Instrumental beliefs, prediction and reality

Note:  Feel free to skim past the philosophy to the discussion of monetary policy at the end.

In a recent podcast, Penn Jillette said something to the effect that people don’t believe conspiracy theories because they are true, rather because they are entertaining, like a good story or a good song.

The term ‘entertaining’ has a rather frivolous connotation, so lets make the concept more general and include beliefs that add deep and profound meaning to life, in areas such as art, religion, and politics.

There is another set of beliefs about the world that are more instrumental. If I believe the two objects in front of my eye are a hammer and nail, it’s not because I enjoy this belief, rather because this belief is useful. I know (or “predict”) that if I pick up the hammer I can drive the nail through a piece of wood. Similarly, I believe that New York City exists in the sense that I predict that if I traveled to that spot I’d see tall buildings, art galleries and yellow taxis.

So you might say that our view of reality is a set of beliefs that we find either directly rewarding or at least instrumentally useful. In the rest of this post I’ll mostly focus on the latter.

The sciences contain the most famous examples of instrumental beliefs. In principle, the laws of “physics” should be able to explain the behavior of the entire physical universe, or at least the non-random portion. But in practice, people use the term ‘physics’ to refer to the subset of physics problems that are very simple and easy to model. The term ‘chemistry’ refers to physics problems that are slightly messier and more complex, whereas geology, meteorology, ecology and economics refers to highly complex areas of physics—the motion of molecules in complex and chaotic environments.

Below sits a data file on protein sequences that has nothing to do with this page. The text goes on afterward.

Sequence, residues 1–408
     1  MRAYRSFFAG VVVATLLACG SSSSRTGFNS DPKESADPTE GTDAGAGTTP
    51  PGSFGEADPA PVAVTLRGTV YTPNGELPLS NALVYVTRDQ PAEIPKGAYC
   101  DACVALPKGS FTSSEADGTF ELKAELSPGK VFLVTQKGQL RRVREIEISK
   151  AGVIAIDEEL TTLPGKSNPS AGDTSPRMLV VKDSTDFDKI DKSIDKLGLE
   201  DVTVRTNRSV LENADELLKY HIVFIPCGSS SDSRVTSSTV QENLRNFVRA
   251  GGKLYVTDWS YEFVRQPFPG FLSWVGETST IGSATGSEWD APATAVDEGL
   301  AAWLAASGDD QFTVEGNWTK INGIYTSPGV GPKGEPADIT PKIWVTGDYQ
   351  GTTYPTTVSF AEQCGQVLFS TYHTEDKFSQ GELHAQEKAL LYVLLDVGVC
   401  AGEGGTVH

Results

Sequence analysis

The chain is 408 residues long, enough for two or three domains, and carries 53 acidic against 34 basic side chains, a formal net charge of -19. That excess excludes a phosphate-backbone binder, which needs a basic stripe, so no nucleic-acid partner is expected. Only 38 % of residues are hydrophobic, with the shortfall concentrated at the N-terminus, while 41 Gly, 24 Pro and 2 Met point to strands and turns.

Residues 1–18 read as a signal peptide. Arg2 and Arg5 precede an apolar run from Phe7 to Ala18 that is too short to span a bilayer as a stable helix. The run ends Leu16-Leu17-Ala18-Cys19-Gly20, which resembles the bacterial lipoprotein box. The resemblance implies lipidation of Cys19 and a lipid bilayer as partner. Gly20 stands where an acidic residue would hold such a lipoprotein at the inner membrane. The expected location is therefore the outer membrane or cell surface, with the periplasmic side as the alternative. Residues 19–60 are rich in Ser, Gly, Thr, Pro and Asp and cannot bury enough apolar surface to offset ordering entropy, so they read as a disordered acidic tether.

In the simpler branches of science, it is possible to do controlled experiments and reach a broad consensus about cause and effect. Two physicists will have similar predictions about the speed at which an object will fall if dropped in a vacuum at sea level. In contrast, in the more complex sciences even the experts will often disagree, as it is tough to do controlled experiments that replicate the specific empirical question you want answered. What controlled experiment would tell you the odds of an 8.0 earthquake in LA next year, or the odds of global temps rising by 2 degrees by 2100, or the odds of rhinos going extinct in the wild by 2100, or the odds of a recession in 2021?

So this raises an important question. How should “we” decide what to believe about reality in the areas where the systems are complex? If the “we” is policymakers, then Robin Hanson has argued that prediction markets are the best way to ascertain the truth. I agree.

But most people disagree and are skeptical of market forecasts; they would rather import the methods of the “hard sciences”. Let the experts decide. Let experts set monetary policy. If not all experts agree, then let a panel of 12 experts vote on the policy, majority rules. (Actually, not all FOMC members are experts.)

People often define fault lines in economics in terms of left/right, Keynesian/classical, Austrian/Marxist, etc. But the fault line that really matters is methodological. How do we decide what we know?

The standard view is that reality is best understood in terms of what the experts believe to be true. I see reality as what the markets believe to be true. Expert opinion is an input, but only one of many inputs, into market forecasts.

In the past, the Fed has tended to rely on the experts. (Albeit not exclusively, they have always paid some attention to markets.)